Rail passengers face overcrowding and above-inflation rises in fares despite improvements to the system.
The National Audit Office (NAO) said since the Department for Transport took over the franchising process from the Strategic Rail Authority in 2005, the taxpayer has received better value for money.
Subsidies from the taxpayer for train services are expected to fall from £811 million in 2006-7 to £326 million in 2011-12 - although this does not take into account the slowing economy.
The government has included conditions in its contracts to service providers for investment in services, which have led to improvements in reliability and security, the NAO said.
However, improvements in customer satisfaction from a better quality of passenger rail services on the eight services the department lets could be wiped out by overcrowding and fare increases, the NAO warned.
Tim Burr, head of the NAO, said: "Taxpayers and passengers should benefit from changes made to the franchising process for passenger rail services.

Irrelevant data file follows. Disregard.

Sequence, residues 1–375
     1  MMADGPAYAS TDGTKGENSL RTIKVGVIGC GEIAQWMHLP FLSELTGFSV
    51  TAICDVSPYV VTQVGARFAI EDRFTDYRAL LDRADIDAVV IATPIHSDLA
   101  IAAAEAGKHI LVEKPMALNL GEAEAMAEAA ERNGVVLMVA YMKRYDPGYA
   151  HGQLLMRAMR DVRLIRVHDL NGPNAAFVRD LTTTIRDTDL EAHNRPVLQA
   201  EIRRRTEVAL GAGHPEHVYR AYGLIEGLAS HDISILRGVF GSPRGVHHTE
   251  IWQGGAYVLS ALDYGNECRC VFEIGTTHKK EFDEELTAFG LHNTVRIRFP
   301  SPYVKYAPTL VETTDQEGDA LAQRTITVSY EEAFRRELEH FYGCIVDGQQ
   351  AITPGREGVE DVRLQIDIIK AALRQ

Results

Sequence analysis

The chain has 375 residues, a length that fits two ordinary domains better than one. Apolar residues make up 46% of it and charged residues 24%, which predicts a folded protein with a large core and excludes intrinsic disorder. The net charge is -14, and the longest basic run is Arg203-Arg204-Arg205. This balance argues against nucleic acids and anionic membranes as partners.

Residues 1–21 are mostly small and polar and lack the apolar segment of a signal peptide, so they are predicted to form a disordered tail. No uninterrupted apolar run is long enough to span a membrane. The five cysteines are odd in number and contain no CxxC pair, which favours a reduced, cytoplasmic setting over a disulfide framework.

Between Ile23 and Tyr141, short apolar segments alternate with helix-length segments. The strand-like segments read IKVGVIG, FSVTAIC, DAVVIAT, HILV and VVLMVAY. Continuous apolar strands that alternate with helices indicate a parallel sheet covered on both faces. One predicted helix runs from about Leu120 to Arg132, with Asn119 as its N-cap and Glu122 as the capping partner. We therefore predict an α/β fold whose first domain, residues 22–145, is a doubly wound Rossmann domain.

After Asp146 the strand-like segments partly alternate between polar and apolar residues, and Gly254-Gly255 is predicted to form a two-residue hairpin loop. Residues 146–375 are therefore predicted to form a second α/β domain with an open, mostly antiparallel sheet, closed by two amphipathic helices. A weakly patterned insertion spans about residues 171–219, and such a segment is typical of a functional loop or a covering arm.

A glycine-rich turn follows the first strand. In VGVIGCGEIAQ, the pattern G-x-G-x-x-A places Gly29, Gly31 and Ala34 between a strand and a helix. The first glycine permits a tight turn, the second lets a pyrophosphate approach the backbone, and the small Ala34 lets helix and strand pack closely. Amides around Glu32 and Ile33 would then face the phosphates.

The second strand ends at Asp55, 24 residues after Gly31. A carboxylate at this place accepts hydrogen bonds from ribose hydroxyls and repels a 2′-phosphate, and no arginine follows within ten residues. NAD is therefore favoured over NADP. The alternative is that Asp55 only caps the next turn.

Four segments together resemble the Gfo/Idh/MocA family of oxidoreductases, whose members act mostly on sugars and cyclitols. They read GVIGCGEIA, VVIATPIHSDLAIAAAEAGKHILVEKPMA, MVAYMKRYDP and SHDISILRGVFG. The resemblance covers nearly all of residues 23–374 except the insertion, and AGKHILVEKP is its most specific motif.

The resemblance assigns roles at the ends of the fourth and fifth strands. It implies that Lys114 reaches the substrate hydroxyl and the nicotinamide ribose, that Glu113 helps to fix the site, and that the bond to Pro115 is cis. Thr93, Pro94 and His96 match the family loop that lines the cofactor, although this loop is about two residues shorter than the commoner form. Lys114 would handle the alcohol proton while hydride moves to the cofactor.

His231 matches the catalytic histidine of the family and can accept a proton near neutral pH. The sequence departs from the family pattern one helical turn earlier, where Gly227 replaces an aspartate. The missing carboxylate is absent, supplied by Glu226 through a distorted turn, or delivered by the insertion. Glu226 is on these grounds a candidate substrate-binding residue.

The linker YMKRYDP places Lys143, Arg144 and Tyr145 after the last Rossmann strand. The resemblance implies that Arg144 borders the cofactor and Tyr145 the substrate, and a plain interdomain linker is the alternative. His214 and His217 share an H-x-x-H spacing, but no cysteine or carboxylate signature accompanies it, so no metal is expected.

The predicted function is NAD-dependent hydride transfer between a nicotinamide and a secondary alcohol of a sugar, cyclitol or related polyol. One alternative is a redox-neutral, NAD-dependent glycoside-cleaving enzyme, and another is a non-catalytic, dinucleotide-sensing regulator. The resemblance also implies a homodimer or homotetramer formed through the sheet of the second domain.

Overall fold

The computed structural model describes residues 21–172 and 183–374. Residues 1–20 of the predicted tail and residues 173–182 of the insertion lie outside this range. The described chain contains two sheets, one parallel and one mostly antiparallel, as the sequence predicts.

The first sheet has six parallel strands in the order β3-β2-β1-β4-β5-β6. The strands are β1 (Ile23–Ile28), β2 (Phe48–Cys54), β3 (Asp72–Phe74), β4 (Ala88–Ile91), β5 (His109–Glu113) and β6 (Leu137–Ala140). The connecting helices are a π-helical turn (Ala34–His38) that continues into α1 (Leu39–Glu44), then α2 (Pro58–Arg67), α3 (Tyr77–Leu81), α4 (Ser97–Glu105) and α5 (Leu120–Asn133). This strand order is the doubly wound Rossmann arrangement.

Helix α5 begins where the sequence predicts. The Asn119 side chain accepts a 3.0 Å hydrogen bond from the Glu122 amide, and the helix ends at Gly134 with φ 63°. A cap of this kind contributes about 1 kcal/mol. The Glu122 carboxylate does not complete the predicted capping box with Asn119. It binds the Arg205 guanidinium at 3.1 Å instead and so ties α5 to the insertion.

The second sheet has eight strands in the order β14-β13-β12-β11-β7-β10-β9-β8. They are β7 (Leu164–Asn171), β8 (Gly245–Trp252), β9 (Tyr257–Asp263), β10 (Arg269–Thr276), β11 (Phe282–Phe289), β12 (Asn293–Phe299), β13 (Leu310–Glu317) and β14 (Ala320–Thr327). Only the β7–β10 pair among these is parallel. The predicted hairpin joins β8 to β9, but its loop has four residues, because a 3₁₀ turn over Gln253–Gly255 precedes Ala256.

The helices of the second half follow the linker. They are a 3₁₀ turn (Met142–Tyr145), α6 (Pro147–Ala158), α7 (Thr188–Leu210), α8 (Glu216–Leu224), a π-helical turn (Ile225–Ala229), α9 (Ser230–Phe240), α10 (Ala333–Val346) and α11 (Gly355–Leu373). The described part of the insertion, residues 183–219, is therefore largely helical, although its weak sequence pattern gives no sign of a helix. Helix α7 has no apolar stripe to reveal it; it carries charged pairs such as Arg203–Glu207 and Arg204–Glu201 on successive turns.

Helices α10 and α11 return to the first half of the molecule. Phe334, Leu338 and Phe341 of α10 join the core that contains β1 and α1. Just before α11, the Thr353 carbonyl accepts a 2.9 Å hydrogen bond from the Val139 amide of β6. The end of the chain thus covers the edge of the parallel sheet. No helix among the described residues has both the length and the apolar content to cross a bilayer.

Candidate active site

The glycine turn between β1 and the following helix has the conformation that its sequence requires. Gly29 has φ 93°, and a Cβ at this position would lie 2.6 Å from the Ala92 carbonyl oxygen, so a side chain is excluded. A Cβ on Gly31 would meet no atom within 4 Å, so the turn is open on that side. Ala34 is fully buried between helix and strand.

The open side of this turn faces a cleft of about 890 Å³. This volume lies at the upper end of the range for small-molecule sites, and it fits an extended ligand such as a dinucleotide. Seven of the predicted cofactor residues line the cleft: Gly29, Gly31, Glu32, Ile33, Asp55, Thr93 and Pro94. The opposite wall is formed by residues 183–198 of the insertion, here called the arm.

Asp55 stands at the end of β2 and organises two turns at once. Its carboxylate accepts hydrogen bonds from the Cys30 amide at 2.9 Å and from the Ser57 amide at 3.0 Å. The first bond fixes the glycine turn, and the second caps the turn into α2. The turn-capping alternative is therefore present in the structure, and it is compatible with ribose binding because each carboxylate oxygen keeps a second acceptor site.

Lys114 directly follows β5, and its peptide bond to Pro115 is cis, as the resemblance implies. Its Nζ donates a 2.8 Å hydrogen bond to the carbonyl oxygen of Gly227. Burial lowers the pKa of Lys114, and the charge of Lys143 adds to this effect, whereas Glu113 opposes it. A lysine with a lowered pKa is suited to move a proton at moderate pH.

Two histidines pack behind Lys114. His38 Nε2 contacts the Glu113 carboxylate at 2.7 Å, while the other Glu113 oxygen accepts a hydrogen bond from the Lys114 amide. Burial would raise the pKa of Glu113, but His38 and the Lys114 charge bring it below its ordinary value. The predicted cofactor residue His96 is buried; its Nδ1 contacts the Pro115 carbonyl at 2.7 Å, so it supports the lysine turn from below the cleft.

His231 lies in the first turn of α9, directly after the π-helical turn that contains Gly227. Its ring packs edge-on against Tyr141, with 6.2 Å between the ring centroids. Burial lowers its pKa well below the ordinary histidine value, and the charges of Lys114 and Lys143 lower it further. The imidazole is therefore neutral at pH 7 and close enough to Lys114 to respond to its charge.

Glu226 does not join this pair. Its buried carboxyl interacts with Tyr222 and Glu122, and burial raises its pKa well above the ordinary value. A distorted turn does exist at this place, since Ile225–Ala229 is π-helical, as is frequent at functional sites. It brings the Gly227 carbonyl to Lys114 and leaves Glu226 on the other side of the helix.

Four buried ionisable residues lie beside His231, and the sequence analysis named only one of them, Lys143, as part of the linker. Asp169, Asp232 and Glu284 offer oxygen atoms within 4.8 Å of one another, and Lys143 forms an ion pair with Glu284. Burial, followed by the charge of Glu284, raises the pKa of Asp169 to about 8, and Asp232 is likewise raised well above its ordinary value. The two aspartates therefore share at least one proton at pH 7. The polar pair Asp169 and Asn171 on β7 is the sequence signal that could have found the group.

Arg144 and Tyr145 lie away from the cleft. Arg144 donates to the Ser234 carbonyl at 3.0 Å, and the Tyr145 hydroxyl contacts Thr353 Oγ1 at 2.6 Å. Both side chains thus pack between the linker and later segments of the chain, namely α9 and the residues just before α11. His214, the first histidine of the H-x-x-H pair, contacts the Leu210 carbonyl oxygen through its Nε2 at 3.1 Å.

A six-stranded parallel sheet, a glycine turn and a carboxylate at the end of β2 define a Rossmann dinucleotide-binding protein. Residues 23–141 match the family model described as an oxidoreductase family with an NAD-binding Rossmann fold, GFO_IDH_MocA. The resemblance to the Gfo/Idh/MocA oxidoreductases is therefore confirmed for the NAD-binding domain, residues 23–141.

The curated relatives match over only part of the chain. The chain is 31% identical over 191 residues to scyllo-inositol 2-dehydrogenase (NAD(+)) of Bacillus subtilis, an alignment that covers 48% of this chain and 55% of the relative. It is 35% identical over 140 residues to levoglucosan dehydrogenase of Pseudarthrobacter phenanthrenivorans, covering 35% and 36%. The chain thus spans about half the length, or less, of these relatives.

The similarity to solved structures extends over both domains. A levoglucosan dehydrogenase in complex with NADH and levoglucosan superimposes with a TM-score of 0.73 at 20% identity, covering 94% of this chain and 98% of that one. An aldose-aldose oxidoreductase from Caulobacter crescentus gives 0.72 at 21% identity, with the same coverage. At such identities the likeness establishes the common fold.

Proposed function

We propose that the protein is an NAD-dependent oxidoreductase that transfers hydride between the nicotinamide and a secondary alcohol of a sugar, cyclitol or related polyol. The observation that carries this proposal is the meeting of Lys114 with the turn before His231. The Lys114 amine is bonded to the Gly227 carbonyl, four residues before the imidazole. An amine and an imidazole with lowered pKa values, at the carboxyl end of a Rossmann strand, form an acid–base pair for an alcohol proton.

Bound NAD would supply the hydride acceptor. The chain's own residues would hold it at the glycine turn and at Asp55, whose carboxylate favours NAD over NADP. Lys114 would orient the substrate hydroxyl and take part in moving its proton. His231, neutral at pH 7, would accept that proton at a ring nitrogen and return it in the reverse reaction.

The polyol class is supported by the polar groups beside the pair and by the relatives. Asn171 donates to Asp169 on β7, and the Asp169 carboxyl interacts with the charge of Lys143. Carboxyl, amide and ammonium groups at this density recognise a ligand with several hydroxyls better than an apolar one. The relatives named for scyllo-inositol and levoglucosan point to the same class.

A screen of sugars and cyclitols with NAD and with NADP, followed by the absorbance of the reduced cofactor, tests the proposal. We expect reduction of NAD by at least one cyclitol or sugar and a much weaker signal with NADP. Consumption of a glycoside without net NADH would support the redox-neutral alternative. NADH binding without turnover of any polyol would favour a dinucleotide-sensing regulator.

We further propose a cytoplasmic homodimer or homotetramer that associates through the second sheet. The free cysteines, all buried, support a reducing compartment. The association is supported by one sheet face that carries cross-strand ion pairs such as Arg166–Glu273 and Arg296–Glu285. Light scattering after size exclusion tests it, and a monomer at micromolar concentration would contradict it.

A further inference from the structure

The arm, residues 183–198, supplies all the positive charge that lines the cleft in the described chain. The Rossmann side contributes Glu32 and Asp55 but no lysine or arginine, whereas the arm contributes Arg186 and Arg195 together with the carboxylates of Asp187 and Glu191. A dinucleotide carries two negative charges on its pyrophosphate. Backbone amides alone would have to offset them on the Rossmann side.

"The Department for Transport has contracted to save the taxpayer money while improving service quality, but it will need to see that capacity increases are well-managed and timely if passengers are to expect less crowded and more reliable journeys."
Most regulated fares, such as saver and season tickets, have risen by around one per cent above inflation but non-regulated fares have risen much higher - by 20 per cent in some cases.
"The government has made franchising look more efficient because it has been shifting the burden of subsidising franchisees' profits from the taxpayer to the fare-payer with inflation-busting fares increases," RMT general secretary Bob Crow said.
"The prediction of a huge fall in subsidy is based on sharp and sustained increases in passenger numbers, but if they fail to materialise in the current economic climate it will be passengers and taxpayers who will have to fork out."